LONDON -- The British government announced Tuesday that it will break up parts of major financial institutions bailed out by taxpayers, highlighting a growing divide across the Atlantic over how to deal with the massive banks that were partially nationalized during the height of the financial crisis.
The British government -- spurred on by European regulators -- is forcing the Royal Bank of Scotland, Lloyds Banking Group and Northern Rock to sell off parts of their operations. The Europeans are calling for more and smaller banks to increase competition and eliminate the threat posed by banks so large that they must be rescued by taxpayers, no matter how they conducted their business, in order to avoid damaging the global financial system.
The move to downsize some of Britain's largest banks comes as U.S. politicians are debating whether American banks should also be required to shrink. The Obama administration has maintained that large banks should be preserved because they play an important role in the economy and that taxpayers instead should be protected by creating a new system for liquidating large banks that run into problems. But Britain's decision already is being cited by a growing chorus of experts, including prominent bankers and economists, who want the United States to pursue a similar approach.
"We still need to see exactly which parts the [British] banks will need to sell off to judge whether the goal of having smaller banks is really achieved," said Richard Portes, an economics professor at the London Business School. "But there are lessons here for the United States. The supposed economies of scale of massive financial institutions are outweighed by the difficulties in controlling risk inside them."
The changes amount to a massive restructuring of the British financial system, among the hardest hit by the global crisis, that could result in what the government has described as the creation of three new commercial banks. The Royal Bank of Scotland -- now 70 percent owned by British taxpayers -- announced Tuesday that it would sell off 318 branches in England and Wales, as well as sell its NatWest brand in Scotland, RBS Insurance, and Global Merchant Services, a credit card payment business, as a result of regulator demands. The sell-offs would pave the way for tens of billions of dollars more in previously announced cash injections from the governments.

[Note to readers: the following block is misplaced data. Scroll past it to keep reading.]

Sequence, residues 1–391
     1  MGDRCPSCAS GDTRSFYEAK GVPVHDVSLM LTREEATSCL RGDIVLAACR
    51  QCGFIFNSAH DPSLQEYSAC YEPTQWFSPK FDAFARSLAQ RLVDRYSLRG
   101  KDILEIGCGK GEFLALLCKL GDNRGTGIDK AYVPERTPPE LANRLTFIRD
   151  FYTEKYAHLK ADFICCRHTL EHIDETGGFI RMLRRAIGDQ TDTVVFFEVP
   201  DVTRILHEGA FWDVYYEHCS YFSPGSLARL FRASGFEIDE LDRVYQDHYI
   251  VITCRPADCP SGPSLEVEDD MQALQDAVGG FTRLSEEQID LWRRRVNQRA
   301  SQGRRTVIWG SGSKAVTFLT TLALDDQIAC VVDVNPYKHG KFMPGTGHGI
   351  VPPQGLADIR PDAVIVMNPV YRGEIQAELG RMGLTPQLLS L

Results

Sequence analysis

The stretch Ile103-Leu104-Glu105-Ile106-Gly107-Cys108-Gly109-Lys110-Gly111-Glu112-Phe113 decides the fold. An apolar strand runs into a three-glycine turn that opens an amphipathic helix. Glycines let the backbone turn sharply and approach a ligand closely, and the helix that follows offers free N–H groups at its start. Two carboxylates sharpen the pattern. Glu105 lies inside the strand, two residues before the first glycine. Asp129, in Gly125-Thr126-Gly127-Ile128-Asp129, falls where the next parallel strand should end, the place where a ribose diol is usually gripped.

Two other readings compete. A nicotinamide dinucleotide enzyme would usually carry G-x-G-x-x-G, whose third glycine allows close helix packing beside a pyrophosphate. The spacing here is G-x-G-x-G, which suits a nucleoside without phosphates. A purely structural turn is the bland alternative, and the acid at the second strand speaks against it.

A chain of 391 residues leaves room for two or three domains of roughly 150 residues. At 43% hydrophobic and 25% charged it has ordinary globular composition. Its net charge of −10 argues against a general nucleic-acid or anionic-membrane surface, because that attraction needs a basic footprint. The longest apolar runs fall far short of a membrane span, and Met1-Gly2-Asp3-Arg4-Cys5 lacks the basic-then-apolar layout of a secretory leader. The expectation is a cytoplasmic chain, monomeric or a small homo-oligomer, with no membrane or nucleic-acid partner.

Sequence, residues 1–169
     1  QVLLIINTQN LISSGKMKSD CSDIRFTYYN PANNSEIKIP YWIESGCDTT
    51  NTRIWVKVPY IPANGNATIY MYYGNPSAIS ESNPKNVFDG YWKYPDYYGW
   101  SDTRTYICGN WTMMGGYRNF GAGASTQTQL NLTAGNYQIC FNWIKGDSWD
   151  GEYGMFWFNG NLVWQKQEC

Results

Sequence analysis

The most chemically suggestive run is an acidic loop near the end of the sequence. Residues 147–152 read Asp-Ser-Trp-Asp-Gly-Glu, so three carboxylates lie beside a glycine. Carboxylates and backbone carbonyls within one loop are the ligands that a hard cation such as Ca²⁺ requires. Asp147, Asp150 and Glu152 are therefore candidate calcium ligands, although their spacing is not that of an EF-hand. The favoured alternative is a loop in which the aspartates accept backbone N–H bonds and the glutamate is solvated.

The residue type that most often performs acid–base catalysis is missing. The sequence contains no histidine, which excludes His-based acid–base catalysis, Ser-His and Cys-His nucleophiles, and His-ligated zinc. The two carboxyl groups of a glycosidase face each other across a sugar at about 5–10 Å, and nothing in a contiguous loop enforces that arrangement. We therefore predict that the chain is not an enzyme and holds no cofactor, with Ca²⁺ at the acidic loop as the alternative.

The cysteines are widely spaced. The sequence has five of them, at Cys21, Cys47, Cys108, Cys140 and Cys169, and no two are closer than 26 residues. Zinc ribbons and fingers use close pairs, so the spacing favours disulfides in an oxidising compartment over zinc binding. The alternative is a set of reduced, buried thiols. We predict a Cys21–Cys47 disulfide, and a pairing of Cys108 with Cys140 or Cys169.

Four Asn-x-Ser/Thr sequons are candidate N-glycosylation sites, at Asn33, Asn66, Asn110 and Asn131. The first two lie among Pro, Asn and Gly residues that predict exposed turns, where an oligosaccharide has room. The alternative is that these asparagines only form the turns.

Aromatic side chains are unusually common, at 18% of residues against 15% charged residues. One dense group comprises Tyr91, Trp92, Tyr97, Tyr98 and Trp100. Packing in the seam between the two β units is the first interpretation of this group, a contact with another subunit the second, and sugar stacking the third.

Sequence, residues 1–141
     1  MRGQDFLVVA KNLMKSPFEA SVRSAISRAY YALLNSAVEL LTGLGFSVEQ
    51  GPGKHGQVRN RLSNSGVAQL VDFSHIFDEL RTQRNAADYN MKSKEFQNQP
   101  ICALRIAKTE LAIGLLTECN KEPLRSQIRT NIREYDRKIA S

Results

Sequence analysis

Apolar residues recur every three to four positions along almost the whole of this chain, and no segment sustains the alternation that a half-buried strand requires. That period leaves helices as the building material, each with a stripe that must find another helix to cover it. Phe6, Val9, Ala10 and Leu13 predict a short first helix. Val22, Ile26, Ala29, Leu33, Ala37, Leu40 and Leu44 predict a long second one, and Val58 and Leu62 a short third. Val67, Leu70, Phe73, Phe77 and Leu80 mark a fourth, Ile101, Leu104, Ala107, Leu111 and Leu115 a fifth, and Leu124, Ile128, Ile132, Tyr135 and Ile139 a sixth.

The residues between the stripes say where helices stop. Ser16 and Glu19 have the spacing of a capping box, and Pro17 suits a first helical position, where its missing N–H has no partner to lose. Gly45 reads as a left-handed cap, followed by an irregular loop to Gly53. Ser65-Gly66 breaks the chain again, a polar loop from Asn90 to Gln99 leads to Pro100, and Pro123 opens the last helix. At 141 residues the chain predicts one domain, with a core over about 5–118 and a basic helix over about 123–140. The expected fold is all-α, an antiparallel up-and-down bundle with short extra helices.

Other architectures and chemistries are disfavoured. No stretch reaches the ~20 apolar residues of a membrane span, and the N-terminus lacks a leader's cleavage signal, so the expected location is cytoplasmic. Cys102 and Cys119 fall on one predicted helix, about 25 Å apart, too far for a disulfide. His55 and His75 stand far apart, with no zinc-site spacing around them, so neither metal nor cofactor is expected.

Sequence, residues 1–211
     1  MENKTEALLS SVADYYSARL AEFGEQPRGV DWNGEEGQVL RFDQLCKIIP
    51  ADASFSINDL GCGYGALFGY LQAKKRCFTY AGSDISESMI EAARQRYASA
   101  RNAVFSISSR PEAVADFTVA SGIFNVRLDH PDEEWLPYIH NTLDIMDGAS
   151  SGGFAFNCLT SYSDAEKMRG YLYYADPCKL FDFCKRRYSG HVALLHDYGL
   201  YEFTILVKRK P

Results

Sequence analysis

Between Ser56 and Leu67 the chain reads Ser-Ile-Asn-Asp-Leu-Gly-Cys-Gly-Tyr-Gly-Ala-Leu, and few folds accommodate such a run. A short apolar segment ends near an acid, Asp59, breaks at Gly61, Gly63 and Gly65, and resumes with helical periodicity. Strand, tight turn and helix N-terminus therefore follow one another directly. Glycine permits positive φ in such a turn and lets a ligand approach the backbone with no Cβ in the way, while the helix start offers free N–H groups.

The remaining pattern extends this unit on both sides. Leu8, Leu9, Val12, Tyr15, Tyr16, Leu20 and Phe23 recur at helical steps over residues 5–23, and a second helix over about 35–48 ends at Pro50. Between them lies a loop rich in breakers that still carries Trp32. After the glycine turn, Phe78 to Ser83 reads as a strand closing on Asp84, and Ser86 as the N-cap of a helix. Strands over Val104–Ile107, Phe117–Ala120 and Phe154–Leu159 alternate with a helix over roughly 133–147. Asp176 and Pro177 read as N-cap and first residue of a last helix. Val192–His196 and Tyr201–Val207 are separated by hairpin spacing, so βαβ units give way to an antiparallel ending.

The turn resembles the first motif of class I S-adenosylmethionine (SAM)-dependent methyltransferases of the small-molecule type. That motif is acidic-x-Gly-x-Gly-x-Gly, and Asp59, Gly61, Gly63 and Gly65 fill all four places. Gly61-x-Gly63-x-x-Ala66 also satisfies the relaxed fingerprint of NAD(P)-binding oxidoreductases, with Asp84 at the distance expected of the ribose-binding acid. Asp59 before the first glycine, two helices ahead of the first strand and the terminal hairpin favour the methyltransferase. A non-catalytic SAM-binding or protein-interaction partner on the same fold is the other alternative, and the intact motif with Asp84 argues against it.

Demands that more state aid be tied to downsizing appeared to be emanating most strongly from Brussels, where the European Commission has been pressing the British to shrink its massive banks. In a related move, RBS also announced plans Monday to trim 3,700 jobs, or 14 percent of its workforce, across the United Kingdom.
Lloyds, now 43 percent owned by British taxpayers, said it will sell at least 600 branches, including its TSB brand in Britain, the Cheltenham & Gloucester mortgage company and an online financial business, Intelligent Finance. The company avoided more massive sell-offs through a deal to raise billions of dollars in private financing, reducing its reliance on the government for fresh capital.
As part of the deals, both Lloyds and RBS agreed not to pay out any cash bonuses to staff earning over £39,000, or $65,500 in 2009.